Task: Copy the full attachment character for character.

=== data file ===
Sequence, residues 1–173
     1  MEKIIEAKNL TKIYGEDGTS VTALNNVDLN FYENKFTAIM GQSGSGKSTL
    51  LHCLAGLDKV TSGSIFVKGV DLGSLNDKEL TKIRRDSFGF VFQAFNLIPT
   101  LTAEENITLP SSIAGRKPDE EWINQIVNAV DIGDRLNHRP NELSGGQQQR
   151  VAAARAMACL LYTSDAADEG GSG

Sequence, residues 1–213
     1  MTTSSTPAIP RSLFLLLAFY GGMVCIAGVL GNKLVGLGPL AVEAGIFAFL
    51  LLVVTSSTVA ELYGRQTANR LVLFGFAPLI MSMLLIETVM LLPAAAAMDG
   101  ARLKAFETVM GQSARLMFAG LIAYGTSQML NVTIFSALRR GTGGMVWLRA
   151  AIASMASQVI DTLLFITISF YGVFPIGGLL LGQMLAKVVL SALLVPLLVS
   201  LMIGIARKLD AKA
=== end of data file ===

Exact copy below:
Sequence, residues 1–173
     1  MEKIIEAKNL TKIYGEDGTS VTALNNVDLN FYENKFTAIM GQSGSGKSTL
    51  LHCLAGLDKV TSGSIFVKGV DLGSLNDKEL TKIRRDSFGF VFQAFNLIPT
   101  LTAEENITLP SSIAGRKPDE EWINQIVNAV DIGDRLNHRP NELSGGQQQR
   151  VAAARAMACL LYTSDAADEG GSG

Sequence, residues 1–213
     1  MTTSSTPAIP RSLFLLLAFY GGMVCIAGVL GNKLVGLGPL AVEAGIFAFL
    51  LLVVTSSTVA ELYGRQTANR LVLFGFAPLI MSMLLIETVM LLPAAAAMDG
   101  ARLKAFETVM GQSARLMFAG LIAYGTSQML NVTIFSALRR GTGGMVWLRA
   151  AIASMASQVI DTLLFITISF YGVFPIGGLL LGQMLAKVVL SALLVPLLVS
   201  LMIGIARKLD AKA